The Diabetic Foot. Costs, health economic aspects, prevention and quality of life.

Gunnel Ragnarson Tennvall

Research output: ThesisDoctoral Thesis (compilation)

Abstract

The overall aims were to investigate the economic consequences of foot complications in diabetic patients, to measure the influence of diabetic foot complications on health-related quality of life (HRQL), and to analyse the cost-effectiveness of interventions to prevent foot ulcers and lower extremity amputations (LEA).

The economic consequences of foot ulcers and LEA are large both in a short and a longer perspective. Seventy-six percent of the total short term costs for LEA occurred after amputations had been performed and before complete healing had been achieved. The major long-term costs for the 3 years following healing were related to increased home care and social service, especially for patients who had undergone LEA.

The most important determinants of the cost of an ulcer with deep foot infection were wound healing duration and repeated surgery. Costs of inpatient care and topical treatment represent a substantial part of the total costs for both primary healing and healing with minor or major amputation. The frequency of dressing changes and velocity of healing together with costs of material, staff and transportation are important factors for the total topical treatment costs.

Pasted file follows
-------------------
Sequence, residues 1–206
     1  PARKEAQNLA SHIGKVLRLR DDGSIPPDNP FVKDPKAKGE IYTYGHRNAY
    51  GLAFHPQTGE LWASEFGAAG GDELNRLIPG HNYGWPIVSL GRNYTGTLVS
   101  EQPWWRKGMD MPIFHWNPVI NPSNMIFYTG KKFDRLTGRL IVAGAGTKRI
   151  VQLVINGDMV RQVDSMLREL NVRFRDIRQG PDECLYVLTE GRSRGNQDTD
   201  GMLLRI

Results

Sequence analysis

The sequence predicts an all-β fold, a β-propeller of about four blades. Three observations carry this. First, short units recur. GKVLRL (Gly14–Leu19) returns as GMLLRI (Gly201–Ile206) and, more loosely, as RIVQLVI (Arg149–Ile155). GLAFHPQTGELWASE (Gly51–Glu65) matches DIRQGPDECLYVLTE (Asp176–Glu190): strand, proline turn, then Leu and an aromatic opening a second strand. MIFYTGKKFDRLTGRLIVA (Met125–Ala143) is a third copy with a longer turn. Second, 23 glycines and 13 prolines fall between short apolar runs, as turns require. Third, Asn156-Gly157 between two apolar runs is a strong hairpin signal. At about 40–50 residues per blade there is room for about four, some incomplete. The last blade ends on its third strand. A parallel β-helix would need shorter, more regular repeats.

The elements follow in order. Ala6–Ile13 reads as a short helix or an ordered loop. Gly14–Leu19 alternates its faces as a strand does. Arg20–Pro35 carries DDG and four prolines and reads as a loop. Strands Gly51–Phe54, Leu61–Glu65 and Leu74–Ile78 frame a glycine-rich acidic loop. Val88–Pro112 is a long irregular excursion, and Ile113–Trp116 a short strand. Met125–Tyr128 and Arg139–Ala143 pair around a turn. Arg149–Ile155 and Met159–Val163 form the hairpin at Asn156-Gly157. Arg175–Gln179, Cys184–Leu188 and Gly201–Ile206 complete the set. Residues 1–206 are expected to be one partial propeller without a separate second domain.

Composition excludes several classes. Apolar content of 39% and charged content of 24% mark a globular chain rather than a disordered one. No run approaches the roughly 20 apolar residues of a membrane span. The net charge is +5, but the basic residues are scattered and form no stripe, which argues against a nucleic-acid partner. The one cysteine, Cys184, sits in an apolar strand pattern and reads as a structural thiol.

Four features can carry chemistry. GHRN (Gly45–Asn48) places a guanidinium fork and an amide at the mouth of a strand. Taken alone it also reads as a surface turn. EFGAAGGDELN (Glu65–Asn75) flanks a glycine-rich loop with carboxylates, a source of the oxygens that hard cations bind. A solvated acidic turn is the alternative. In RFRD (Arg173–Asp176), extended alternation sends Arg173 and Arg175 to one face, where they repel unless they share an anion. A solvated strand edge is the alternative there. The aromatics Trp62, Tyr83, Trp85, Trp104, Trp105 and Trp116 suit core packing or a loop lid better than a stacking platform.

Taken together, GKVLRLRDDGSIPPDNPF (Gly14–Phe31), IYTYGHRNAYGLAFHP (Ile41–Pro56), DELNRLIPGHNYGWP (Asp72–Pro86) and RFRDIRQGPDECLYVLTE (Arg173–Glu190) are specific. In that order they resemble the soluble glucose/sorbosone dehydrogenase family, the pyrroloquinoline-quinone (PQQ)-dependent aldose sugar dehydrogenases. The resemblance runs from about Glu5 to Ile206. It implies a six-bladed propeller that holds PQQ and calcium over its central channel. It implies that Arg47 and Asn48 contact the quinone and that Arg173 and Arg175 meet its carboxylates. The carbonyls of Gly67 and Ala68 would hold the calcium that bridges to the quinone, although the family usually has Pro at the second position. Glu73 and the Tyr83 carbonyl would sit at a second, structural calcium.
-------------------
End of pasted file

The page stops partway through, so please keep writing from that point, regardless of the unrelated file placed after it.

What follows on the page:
The Swedish Inpatient Registry is valid regarding completeness of registered discharges for patients who have been treated for foot ulcers, but the database is less valid with reference to reported diagnoses. Cost analyses of diabetic foot complications will be seriously underestimated when based exclusively on primary diagnosis from the database.

Patients with current foot ulcers value their HRQL significantly lower than primary healed patients. HRQL is reduced in patients who have undergone major amputations.

An intensified prevention strategy including patient education, foot care and footwear is cost-effective or cost saving if the risk for foot ulcers and lower extremity amputations could be reduced by 25%. The strategy would be cost-effective or cost saving in all patients with diabetes, except in those without specific risk factors for development of these complications.
Original languageEnglish
QualificationDoctor
Awarding Institution
  • Social Epidemiology
Supervisors/Advisors
  • [unknown], [unknown], Supervisor, External person
Award date2001 Jan 12
Publisher
Print ISBNs91-628-4471-7
Publication statusPublished - 2000

Bibliographical note

Defence details

Date: 2001-01-12
Time: 10:15
Place: Föreläsningssal 3, Centralblocket, Lund University Hospital

External reviewer(s)

Name: Attvall, Stig
Title: Associate Professor
Affiliation: Sahlgrenska University Hospital, Göteborg, Sweden

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Subject classification (UKÄ)

  • Other Clinical Medicine

Keywords

  • Social medicine
  • wound healing
  • treatment outcome
  • risk factors
  • prevention and control
  • amputation
  • cost and cost analysis
  • Socialmedicin
  • samhällsmedicin

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